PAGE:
ATLANTA (Reuters) - Trade ministers from a dozen Pacific nations meeting in Atlanta extended talks on a sweeping trade deal into a third day in a move officials said would either produce a breakthrough or send them home with the future of the agreement in doubt.
U.S. Trade Representative Michael Froman was asking ministers to stay for another 24 hours, through Friday evening, in a bid to wrap up the Trans Pacific Partnership trade deal, two people briefed on the talks said.
Observers pointed to progress on autos, Canada’s pledge to compensate farmers hurt by imports and signs of a possible compromise on patent protection for new drugs as evidence of advancement.
Several officials said a final deal could come quickly if key issues are cleared in remaining talks Thursday. The alternative would be for ministers to try to reconvene in November, although that risked losing momentum in a process that has already run five years.
“It’s complicated, but we are continuing with the aim of achieving an agreement. By the late evening we could have clarity,” said one person involved in the closed-door discussions.
The TPP would liberalize trade in 40 percent of the world economy for a region stretching from Vietnam to Canada.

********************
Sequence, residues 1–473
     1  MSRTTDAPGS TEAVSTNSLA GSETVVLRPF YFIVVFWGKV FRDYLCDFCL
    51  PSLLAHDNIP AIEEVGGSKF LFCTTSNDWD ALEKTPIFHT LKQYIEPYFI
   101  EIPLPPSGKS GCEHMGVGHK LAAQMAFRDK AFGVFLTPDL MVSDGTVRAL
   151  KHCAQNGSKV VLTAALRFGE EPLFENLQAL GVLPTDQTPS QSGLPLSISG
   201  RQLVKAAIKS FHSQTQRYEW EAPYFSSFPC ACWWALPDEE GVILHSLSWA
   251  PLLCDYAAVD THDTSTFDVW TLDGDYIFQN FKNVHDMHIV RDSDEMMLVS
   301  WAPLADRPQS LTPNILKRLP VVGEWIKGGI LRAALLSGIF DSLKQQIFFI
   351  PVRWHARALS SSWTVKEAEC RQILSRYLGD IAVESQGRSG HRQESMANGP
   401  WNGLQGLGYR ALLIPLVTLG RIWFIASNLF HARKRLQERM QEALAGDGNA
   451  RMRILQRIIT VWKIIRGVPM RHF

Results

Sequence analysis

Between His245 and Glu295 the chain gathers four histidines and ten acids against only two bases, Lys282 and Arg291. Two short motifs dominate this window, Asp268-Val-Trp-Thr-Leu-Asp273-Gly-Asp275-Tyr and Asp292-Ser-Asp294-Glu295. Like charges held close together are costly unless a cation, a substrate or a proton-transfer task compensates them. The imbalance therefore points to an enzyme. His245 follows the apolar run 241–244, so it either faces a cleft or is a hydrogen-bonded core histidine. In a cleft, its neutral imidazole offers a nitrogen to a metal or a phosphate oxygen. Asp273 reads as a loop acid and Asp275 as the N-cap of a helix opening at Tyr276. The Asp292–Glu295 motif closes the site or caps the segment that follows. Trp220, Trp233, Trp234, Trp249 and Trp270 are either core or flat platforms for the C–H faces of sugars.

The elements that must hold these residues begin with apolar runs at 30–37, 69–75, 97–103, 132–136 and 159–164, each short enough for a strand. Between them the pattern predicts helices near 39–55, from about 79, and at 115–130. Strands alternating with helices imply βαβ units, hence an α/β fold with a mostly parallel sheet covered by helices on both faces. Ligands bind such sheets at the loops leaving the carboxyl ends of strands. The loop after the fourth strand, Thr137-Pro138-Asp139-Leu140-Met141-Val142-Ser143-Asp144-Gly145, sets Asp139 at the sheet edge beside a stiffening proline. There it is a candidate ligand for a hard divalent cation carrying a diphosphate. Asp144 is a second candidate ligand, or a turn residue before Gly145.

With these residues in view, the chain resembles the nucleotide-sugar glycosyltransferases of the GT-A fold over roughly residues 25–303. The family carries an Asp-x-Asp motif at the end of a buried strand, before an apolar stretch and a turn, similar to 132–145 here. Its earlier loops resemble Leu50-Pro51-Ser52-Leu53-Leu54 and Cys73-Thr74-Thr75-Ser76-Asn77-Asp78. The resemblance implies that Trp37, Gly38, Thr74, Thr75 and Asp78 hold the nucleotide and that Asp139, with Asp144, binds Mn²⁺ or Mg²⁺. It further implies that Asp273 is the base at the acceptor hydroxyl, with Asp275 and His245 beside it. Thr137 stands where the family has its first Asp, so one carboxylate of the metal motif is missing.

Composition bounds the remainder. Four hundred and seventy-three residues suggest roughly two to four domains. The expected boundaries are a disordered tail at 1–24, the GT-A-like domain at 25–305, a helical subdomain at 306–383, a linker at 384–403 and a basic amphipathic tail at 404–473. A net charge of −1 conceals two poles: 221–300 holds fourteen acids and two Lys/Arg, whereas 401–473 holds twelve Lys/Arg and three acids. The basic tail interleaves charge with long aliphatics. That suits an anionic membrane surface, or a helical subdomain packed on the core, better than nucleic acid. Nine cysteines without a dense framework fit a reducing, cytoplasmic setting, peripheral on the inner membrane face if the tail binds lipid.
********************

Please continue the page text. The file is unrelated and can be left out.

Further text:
A deal would be a legacy-defining achievement for U.S. President Barack Obama. But the trade deal is seen as a threat by an array of interest groups from Mexican auto workers to Quebec dairy farmers to cancer patients who worry that it could push the cost of new therapies out of reach.
In a reassertion of concern in Congress, a group of U.S. lawmakers from both parties sent a letter to U.S. Trade Representative Michael Froman and Treasury Secretary Jack Lew on Wednesday.
“We urge you to take the time necessary to get the best deal possible for the United States, working closely with us,” said the letter signed by House Ways and Means Committee Chairman Paul Ryan and Senate Finance Committee Chairman Orrin Hatch as well as the senior Democrats on those two committees.
Several Republicans attacked a new U.S. proposal to ensure governments would be free to enact anti-smoking measures without fear of legal action by tobacco companies.
That could prevent companies like Philip Morris (PM.N) and Japan Tobacco Inc (2914.T) from using rules to protect foreign investors to challenge public health measures but falls short of the sweeping measure anti-smoking groups had hoped for.
Mexican Economy Minister Ildefonso Guajardo said officials were “very near” to resolving an impasse over trade in autos, one of the main hurdles to a broader deal.
“We made a lot of progress in the auto issue but still we are pending in a couple of areas where we need to close,” Guajardo said. “We are ready. What we need is everything to fall into place at the same time.”
Australian Dairy Industry Council chairman Noel Campbell said there was little movement toward Australia’s goals of more access for dairy and sugar exports.
“The negotiators have got very little room to move, they’ve got people looking over their shoulders ... saying ‘you can’t do this until a deal’s been done on that,’ so it’s quite difficult for anything to happen.”
Additional reporting by Kevin Krolicki in Atlanta and Susan Cornwell in Washington; Editing by Bernard Orr